Less “alpha male” politics, please – that was the call from Sadiq Khan to Downing Street last week, amid growing concerns that the government is intent on “dismantling” the 1999 devolution settlement which saw the creation of the mayoralty.
“If they want more power in London they need to win the election,” the Mayor said, speaking to reporters last week after an online “Speak to Sadiq” question and answer session organised by the London Labour Party at which Khan took questions from non-Labour and floating voters and from Londoners who had voted Conservative for the first time at last year’s general election.
Downing Street seems to have “got it in for London,” Khan said, nevertheless predicting that the Prime Minister’s team would “calm down after we’ve won a landslide victory”. While relations with some cabinet members are good, a more “collegiate” approach overall is needed, he added, calling on the capital’s residents to back him in urging the government to “do right” by London.
“London is the country’s economic engine. It is in all our interests to understand that London is crucial to our country’s wealth and prosperity”, he said, adding that the government needs to learn the lessons of its slow response to the Covid-19 pandemic and act quickly to avert an “existential” threat to the capital.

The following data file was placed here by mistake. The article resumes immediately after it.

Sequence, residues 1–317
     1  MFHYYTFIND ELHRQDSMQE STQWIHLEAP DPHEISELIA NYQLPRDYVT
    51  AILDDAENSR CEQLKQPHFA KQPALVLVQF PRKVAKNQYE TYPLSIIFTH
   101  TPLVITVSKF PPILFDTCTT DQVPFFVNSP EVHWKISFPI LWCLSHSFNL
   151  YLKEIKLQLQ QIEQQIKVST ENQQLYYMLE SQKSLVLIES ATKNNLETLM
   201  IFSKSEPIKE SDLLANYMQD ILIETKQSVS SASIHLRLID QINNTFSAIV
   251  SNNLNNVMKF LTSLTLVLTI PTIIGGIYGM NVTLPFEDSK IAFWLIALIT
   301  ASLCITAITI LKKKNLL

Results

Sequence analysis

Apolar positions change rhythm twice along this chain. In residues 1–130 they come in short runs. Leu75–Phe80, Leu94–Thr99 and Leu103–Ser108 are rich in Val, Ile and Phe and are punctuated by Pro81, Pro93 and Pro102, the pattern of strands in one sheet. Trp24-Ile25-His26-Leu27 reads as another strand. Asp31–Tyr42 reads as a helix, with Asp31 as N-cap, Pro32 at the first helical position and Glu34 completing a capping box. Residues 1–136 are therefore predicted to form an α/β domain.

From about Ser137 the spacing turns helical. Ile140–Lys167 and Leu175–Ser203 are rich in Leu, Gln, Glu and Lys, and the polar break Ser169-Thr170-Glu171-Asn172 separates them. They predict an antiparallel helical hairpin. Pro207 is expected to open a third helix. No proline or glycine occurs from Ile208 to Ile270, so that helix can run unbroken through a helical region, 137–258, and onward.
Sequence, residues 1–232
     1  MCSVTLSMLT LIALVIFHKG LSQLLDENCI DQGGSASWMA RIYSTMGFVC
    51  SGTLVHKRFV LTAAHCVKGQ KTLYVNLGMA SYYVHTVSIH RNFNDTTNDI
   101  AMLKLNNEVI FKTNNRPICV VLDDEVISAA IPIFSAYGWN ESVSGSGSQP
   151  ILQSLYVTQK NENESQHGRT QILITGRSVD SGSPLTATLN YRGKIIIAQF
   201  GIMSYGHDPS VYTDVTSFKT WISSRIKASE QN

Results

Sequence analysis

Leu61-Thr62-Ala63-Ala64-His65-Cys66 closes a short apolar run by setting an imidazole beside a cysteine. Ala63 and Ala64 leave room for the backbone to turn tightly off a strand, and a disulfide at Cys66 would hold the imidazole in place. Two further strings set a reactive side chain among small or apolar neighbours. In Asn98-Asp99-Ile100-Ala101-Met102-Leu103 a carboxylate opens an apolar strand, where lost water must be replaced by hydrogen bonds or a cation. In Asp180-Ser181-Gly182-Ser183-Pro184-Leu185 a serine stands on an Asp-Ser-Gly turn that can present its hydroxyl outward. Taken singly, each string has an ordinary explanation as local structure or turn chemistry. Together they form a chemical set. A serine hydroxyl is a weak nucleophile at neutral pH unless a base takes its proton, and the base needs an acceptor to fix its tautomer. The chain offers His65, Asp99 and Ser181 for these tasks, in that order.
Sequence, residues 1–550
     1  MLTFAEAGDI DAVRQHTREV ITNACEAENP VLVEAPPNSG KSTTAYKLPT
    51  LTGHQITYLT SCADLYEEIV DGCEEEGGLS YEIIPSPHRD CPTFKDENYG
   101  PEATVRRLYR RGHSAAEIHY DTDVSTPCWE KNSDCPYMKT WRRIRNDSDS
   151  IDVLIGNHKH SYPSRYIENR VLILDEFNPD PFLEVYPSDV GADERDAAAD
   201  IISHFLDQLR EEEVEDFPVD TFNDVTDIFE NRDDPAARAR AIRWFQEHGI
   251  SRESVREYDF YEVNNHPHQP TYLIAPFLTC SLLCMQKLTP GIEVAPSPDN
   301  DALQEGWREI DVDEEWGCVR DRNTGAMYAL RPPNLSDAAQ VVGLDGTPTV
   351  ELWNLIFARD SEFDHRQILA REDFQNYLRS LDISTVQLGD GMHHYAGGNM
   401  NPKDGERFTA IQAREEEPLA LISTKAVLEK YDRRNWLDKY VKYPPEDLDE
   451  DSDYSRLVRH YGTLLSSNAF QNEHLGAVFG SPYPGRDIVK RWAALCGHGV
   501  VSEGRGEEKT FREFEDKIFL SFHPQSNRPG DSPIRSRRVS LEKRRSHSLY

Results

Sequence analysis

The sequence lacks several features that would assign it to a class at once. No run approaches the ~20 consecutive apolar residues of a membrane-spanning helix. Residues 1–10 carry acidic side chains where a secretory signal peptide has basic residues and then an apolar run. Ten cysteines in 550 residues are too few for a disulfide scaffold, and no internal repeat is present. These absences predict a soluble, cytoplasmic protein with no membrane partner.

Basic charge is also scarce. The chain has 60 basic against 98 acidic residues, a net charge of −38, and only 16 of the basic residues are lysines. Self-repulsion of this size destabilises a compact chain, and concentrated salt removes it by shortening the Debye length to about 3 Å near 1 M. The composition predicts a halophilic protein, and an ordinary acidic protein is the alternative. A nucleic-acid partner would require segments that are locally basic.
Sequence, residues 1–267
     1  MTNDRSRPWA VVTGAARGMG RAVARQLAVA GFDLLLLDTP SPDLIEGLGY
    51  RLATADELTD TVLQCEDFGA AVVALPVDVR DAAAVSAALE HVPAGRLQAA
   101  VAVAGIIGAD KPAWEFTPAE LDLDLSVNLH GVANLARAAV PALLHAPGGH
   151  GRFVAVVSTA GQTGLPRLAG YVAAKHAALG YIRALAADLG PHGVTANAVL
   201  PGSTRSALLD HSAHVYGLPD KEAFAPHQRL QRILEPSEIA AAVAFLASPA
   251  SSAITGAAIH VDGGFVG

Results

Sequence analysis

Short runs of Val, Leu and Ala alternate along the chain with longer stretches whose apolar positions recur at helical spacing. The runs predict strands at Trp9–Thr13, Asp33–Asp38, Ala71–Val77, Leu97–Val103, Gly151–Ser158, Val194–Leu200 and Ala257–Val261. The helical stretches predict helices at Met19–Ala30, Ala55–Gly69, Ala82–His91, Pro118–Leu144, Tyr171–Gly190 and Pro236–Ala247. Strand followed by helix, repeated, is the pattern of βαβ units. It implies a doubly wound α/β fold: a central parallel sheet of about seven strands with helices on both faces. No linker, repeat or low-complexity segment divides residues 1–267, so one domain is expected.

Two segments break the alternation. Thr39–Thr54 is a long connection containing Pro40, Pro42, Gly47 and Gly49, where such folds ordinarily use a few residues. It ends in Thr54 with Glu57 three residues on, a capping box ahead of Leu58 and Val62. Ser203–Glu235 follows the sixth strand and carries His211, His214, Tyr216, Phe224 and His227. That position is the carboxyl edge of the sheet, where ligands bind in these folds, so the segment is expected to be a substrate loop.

Action should include extending the business rates holiday for another year, targeted help for hard-pressed retail, culture, hospitality and leisure businesses, including further furlough support in those areas, and retraining for the 1.3 million Londoners currently furloughed and at risk of unemployment, Khan said.
His call came as figures released by Labour suggested that more than £72 million in emergency government grant funding earmarked for London businesses remained unallocated and at risk of being “clawed back”. £1.4 billion unallocated nationally should be redirected into a Hospitality and High Street Fightback Fund, the party said.
Khan also repeated his call for an immediate inquiry into the UK response to the pandemic, in order to learn lessons “in real time”. And he confirmed his intention to relocate the capital’s seat of government to Newham’s Royal Docks, saving £55 million against a background of up to £500 million shortfalls in Greater London Authority budgets over the coming two years.
The Mayor also confirmed that he expected his London Plan – the planning and development blueprint for the capital – to be signed off by the government “sooner rather than later”.
The draft Plan, in preparation since 2017, fell at its final hurdle in early March, when communities secretary Robert Jenrick refused to approve it. The intervention came just before the expected launch of hostilities ahead of the mayoral election, since postponed to next year. The last formal contact between Khan and Jenrick was on April 24.
The Plan was now more relevant than ever, Khan said, with its “good growth” focus on protecting open space, promoting active travel, work-life balance and high-quality design. The government’s recently-unveiled planning reform proposals, threatening to further undermine the strategic role of the Mayor according to some commentators, as well as reducing those of local councillors in determining planning applications, are a “pig’s ear”, he added, predicting a U-turn on the plans.
Transport for London will be introducing dedicated “school buses” as schools return after the summer, Khan said, with capacity increased to 60 rather than 30, and every other bus on key routes reserved for schoolchildren.
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